BERG: By the way, MyLyssa – my old trash collector would only upcharge me for an over-full container if a good chunk of the bag was visible. The new haulers are gloriously Minnesota passive-aggressive about it, and the customer service is atrocious, even in other neighborhoods.

Who picked up your trash, by the way?

SILBERMAN: I live in a condo downtown, so my trash just goes away.

BERG: Right. Continuing:

Busuri said he’s more than just sympathetic. He’s in the same boat.
“I’ve had the same problem myself,” Busuri said, “where the trash was not picked up for going on three weeks. It bothers me to see a garbage hauler not fulfilling their obligation in the contract. There’s a section in the contract where we can charge the haulers for every collection they miss. I’m looking into that

SILBERMAN: See! They’ll fix it!

BERG: Sure. The city council will cross the actions of a previous city council, most of whom have gone on to positions of bureaucratic power that .can be used against them.

SILBERMAN: What do you mean?

BERG: OK, so imagine you were to park in Teri Gross’s parking spot…

SILBERMAN: That would be really bad.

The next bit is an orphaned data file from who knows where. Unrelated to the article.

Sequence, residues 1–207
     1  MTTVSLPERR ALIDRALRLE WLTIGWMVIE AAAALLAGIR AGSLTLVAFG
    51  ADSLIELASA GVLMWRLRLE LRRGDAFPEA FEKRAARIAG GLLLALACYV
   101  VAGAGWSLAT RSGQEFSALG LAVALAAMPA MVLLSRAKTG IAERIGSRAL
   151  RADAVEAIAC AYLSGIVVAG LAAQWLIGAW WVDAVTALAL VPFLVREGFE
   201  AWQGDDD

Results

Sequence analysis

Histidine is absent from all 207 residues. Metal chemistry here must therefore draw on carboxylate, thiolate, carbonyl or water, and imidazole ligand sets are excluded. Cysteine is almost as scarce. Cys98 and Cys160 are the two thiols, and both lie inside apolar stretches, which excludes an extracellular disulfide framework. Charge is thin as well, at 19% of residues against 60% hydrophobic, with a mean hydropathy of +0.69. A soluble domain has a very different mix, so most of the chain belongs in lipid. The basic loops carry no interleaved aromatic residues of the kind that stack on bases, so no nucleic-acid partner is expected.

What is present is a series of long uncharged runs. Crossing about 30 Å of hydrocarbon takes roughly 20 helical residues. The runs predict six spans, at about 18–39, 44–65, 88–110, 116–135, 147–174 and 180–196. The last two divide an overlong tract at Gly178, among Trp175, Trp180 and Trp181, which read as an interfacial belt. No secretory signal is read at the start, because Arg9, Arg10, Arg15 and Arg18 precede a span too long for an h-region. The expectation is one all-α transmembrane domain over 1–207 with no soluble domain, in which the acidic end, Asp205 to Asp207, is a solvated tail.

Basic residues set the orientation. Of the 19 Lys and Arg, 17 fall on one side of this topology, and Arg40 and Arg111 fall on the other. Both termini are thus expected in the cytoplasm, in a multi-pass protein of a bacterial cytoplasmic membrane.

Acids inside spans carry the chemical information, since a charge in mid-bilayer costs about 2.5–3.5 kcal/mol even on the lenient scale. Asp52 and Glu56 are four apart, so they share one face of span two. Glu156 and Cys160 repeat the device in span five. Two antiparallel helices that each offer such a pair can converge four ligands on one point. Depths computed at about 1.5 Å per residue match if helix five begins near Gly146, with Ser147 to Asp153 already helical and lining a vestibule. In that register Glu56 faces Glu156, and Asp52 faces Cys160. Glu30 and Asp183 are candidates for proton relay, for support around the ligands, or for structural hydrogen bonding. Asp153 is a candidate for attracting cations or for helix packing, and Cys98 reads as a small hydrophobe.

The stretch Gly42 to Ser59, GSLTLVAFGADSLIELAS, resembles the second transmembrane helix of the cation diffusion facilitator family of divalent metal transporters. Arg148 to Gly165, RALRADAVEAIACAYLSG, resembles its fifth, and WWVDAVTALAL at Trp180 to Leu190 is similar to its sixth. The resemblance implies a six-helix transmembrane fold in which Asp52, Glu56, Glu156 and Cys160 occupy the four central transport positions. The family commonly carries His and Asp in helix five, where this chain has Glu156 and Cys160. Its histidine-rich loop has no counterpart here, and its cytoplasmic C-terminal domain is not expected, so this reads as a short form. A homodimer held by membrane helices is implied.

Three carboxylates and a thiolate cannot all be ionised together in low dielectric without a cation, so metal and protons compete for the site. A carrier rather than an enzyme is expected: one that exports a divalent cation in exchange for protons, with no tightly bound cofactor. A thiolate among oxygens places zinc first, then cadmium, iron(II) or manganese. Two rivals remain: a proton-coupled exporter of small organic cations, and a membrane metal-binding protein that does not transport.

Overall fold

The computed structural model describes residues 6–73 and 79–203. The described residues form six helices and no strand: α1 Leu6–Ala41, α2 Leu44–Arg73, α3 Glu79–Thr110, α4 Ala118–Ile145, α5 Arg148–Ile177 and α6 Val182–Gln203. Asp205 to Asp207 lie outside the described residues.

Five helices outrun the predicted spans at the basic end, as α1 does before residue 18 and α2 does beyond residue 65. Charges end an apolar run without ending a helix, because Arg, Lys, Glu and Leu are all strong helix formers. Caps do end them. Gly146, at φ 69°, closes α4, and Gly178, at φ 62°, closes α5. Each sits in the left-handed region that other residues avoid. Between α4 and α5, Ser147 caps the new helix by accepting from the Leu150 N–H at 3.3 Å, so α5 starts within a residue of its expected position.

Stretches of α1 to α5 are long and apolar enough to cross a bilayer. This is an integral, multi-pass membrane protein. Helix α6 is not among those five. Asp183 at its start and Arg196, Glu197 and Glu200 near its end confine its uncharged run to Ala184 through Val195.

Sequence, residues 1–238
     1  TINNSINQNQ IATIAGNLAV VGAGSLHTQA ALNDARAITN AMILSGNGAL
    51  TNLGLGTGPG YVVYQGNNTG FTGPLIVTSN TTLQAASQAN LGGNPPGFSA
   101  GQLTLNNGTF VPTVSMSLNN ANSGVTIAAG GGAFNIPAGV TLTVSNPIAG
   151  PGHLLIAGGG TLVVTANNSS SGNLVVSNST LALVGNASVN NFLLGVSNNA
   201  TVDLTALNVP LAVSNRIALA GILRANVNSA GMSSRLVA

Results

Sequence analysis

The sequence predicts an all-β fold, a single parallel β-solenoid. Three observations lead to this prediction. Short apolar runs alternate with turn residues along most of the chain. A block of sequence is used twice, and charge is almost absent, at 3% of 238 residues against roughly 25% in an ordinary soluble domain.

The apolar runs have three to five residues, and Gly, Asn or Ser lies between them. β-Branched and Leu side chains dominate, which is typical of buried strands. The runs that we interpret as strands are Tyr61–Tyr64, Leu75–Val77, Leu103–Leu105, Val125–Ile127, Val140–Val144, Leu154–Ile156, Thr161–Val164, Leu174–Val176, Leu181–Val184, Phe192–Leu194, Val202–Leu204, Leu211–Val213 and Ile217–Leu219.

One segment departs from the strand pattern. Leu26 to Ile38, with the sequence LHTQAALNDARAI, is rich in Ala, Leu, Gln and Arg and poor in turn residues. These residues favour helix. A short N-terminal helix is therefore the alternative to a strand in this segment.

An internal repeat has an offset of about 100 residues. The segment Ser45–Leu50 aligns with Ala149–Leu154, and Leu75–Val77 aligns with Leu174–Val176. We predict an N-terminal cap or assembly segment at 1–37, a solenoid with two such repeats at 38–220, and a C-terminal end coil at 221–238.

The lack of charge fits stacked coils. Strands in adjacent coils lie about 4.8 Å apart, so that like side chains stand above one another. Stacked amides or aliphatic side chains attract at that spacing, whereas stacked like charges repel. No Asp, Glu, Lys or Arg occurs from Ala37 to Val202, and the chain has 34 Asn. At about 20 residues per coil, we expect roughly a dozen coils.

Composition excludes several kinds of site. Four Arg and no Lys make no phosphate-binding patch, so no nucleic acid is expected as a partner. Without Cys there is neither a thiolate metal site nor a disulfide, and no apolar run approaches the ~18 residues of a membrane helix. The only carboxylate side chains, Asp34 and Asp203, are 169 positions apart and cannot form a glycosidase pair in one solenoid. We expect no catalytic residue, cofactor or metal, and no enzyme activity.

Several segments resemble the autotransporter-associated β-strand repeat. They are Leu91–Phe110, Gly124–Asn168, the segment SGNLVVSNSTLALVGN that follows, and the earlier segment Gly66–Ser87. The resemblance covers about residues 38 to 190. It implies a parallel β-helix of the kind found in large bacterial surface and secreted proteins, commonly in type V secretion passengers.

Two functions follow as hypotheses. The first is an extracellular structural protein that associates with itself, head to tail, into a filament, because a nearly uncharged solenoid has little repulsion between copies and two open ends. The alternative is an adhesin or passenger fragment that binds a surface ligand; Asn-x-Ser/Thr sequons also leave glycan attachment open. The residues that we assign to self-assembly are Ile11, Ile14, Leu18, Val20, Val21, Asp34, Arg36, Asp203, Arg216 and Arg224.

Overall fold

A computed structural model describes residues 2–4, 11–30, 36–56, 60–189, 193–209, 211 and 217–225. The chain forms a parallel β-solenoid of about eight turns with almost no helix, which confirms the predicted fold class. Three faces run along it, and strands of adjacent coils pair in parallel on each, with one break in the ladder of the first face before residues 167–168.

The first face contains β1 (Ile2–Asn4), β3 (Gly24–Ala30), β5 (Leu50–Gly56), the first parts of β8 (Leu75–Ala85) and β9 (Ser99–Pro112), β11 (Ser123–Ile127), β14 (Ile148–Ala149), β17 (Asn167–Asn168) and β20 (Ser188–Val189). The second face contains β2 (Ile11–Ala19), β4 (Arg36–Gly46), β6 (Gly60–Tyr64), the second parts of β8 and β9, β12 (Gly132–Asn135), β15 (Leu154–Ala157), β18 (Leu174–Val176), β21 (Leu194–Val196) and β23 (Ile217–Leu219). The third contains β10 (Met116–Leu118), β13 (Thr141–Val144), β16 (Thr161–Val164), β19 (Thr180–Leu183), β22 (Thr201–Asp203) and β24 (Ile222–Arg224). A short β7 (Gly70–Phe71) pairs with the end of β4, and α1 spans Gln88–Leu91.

BERG: See?

SILBERMAN: No.

BERG: It’ll never get fixed. There’s no market imperative to do anything, and plenty of bureaucratic imperatives not to.

SILBERMAN: So you’re saying you’re transphobic.

BERG: Are you by some chance working on getting a PR job with the city?

And SCENE

Everything’s A Conflict

Joe Doakes from Como Park emails:

In the latest Bar Association magazine, there’s an article calling on lawyers to provide more free legal work to help society, especially people who have been neglected or underrepresented or oppressed. 
In the same magazine, there’s an article telling lawyers: “Misgendering a person – such as referring to someone as “sir” or “she” when they are not – is an act of gender violence.